Conclusion: We have been forward and candid to the extent that it might seem we’ve been too hard on Mr. Bueckert. Anyone who thinks we’ve been sinfully stern is either not used to such frankness, or is unaware of how serious a matter it is to falsify, by evil intention or by ‘honest mistake,’ the revelation of God to sinful, condemned man. And inadvertent heresy may not even be the principal issue to take up with this man! It is difficult to come up with a more ripe and necessary time to preach man’s inability to do what Jesus did for man than when the greatest commandment ever given by God is being addressed. But Mr. Bueckert, for all his emphasis on being evangelical and gospel-centered, misses the gospel right when it is needed most! This preacher (and can it be harsh to say that we apply this word loosely here?) does not seem to realize that the command to love God is the greatest part of the very law Jesus fulfilled and that sinners stand condemned for breaking. We get no sense at all that he has any teaching of Scripture in mind that might help him interpret his text, nor that he has any text in mind other than the one he’s on that might aid him to properly present the moral law. There seems to be no structure of doctrine in his mind. It seems that he’s not thinking outside his text, and that he gets the impression that because Jesus commends the scribe for giving a discreet answer, that therefore the law is something that can be done by the scribe, and so also by us. He doesn’t realize that ‘loving God with all the heart’ is part of the moral law Jesus fulfilled and that we need forgiveness for breaking. This tunnel vision that sees the law as a rule we can obey and even fully obey, is not what God has revealed for us to see. Such a belief in man’s ability to obey what Christ came to earth to fulfill plainly undermines the doctrine of salvation. It nullifies it. If we can love God with all of our heart, soul, mind, and strength, just as Israel is reputed by Mr. Bueckert to have been capable of, then there is no need for Jesus Christ, no need for his Obedience, no need for his Sacrifice, no need for a Bible, and no need, most certainly, for preachers. Besides the non-doctrinal, unbiblical approach to God’s law here exemplified, this sermon contains, not just a jumble of errors, but an almost continuous flow of tortured language. This kind of sermon is why Christianity ends up getting ridiculed. You just take what is said, even without twisting it, and you get a caricature of the truth instead of the truth of God. It is difficult to understand why this sermon is made available over the internet. When one hears the recorded version of one’s voice, one usually recoils. This reaction seems to be universal. This sense of shame should be enough by itself to make us hesitate before broadcasting our voice, potentially, all over the world. But what if, in addition to the uncouth sound of our voice, we are confronted by our inability to speak without often uttering insensible sentences? And what if, in addition to this, we are then confronted by our inability to communicate what we would? And then after this, what if we are confronted with the fact that the knowledge we are so utterly failing to transmit and do justice to is the everlasting gospel of God? We hope that Mr. Bueckert will listen to himself and be confronted—for his own good as well as for the seeking listeners out there. Is preaching really his business? Is public speaking of any kind? More harm is being done here than good. No one can like to be told upsetting news like this. But sometimes we have to be the bearer of bad news in order to be honest. We believe Mr. Bueckert to be a moral, likeable man; nevertheless, are we not allowed to wonder, based on this shockingly wretched sermon, if he’s really qualified to handle the word of God in an official sense? And we must go into this ‘calling’ of his just a bit more in order to try and reason with the gainsayers who are put off by this notion of calling someone’s calling into question. If one cannot call a pastor’s calling into question when he is guilty of putting forth heresy, then when can one? We have both the privilege and the duty to do so when fundamental doctrines that salvation hinges on are falsely apprehended and taught by any speaker. This is implied in that a bishop ‘must’ be apt to teach (1 Timothy 3.2.) Aptitude for teaching is what Mr. Bueckert does not have. Is he adapted for this work, then? Based on this word ‘must’ in that verse, has he been called? If a bishop must have this aptitude for teaching, but Mr. Buckert does not have it, has he been called by God to be a bishop? He is not ‘instructive’—which is what the word ‘apt’ means. Maybe Mr. Bueckert does not appreciate being measured by such a Scriptural credential. But any man in any pulpit who gets uptight about having his calling questioned on the basis of his missing the orthodoxy he aims at needs to examine his humility before God and his respect for the word that he is guilty of misrepresenting. In fact, would a called man not fall upon his knees in earnest prayer about his ministry the minute heresy of any sort has been discovered to him in it? A called man would do that instinctively, no matter how abrasive the messenger of the gloomy news. In light of the reaction to news this disturbing, does the man care for his own reputation, or for the glory that is due God? This is a decent question. Understand that such incompetence as this obliges us to wonder about the man’s calling. It cannot be wrong to question it on the basis of such blundering work. The Bible would have us do as much, and probably more. We are saying that it is not wrong to raise the question when we base it upon what has just been examined here. It is a fair question, and very necessarily included in this analysis; and that, more than once.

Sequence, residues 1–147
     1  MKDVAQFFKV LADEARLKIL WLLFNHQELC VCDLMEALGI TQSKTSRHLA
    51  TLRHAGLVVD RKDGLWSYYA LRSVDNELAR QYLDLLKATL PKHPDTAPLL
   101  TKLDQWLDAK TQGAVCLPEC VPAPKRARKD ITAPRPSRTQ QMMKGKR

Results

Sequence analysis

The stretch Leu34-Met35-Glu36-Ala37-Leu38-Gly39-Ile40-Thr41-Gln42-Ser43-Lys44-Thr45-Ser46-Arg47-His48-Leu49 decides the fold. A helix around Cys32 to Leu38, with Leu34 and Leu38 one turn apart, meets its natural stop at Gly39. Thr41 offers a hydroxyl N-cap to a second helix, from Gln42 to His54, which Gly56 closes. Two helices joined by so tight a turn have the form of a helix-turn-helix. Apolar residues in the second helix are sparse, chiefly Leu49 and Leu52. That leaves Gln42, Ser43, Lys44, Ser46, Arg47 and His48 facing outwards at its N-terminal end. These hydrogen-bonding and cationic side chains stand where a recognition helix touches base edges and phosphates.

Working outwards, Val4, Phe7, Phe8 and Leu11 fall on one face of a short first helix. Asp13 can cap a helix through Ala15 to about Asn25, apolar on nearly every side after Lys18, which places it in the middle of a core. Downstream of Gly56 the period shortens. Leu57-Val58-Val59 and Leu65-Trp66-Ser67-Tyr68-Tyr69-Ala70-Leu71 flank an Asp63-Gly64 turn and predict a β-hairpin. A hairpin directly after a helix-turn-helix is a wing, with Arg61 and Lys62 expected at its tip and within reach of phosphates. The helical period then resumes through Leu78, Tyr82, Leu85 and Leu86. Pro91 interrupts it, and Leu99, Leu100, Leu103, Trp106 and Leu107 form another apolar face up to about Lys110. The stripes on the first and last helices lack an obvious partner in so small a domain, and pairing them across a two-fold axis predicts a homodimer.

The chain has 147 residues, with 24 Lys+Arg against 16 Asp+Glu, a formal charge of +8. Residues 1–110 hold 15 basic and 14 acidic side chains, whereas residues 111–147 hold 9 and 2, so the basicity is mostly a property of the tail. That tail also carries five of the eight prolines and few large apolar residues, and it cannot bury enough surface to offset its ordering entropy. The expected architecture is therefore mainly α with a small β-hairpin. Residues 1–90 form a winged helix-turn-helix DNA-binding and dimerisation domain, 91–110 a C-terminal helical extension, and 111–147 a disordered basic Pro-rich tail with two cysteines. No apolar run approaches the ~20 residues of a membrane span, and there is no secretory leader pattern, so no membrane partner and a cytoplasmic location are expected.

Mr. Bueckert, you address Christians in this sermon with the words, “Somehow the light is turned on.” If sinners are able to love God with all their heart, then what need is there for getting our lights turned on? Are we not supposed to regard our own obedience as a work of darkness and the obedience of Jesus Christ as the obedience we really need and that we can lay claim to by faith? Are you not supposed to know and teach these things instead of the notion that we can just love God with all our heart? Do you think we can do the great commandment just because we should?—just because we are commanded to? If this is true, why do we need Jesus? Why did Jesus fulfill the law, if it wasn’t for us? If we can obey the law, why did Jesus die on a cross? Did he not die to pay the penalty of a broken law?